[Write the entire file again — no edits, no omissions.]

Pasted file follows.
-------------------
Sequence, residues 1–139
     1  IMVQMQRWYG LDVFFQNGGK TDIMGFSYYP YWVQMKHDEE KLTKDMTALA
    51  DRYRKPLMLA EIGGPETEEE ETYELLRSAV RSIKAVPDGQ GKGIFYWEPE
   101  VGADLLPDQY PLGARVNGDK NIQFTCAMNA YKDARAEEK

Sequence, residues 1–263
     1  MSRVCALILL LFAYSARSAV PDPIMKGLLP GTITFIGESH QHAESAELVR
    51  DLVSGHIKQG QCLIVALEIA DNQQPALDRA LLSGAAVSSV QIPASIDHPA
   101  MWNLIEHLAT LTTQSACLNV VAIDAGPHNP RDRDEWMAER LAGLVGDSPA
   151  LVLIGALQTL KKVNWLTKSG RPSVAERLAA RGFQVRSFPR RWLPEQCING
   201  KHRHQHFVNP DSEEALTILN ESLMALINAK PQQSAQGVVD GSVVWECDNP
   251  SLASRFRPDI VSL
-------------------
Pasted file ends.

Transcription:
Sequence, residues 1–139
     1  IMVQMQRWYG LDVFFQNGGK TDIMGFSYYP YWVQMKHDEE KLTKDMTALA
    51  DRYRKPLMLA EIGGPETEEE ETYELLRSAV RSIKAVPDGQ GKGIFYWEPE
   101  VGADLLPDQY PLGARVNGDK NIQFTCAMNA YKDARAEEK

Sequence, residues 1–263
     1  MSRVCALILL LFAYSARSAV PDPIMKGLLP GTITFIGESH QHAESAELVR
    51  DLVSGHIKQG QCLIVALEIA DNQQPALDRA LLSGAAVSSV QIPASIDHPA
   101  MWNLIEHLAT LTTQSACLNV VAIDAGPHNP RDRDEWMAER LAGLVGDSPA
   151  LVLIGALQTL KKVNWLTKSG RPSVAERLAA RGFQVRSFPR RWLPEQCING
   201  KHRHQHFVNP DSEEALTILN ESLMALINAK PQQSAQGVVD GSVVWECDNP
   251  SLASRFRPDI VSL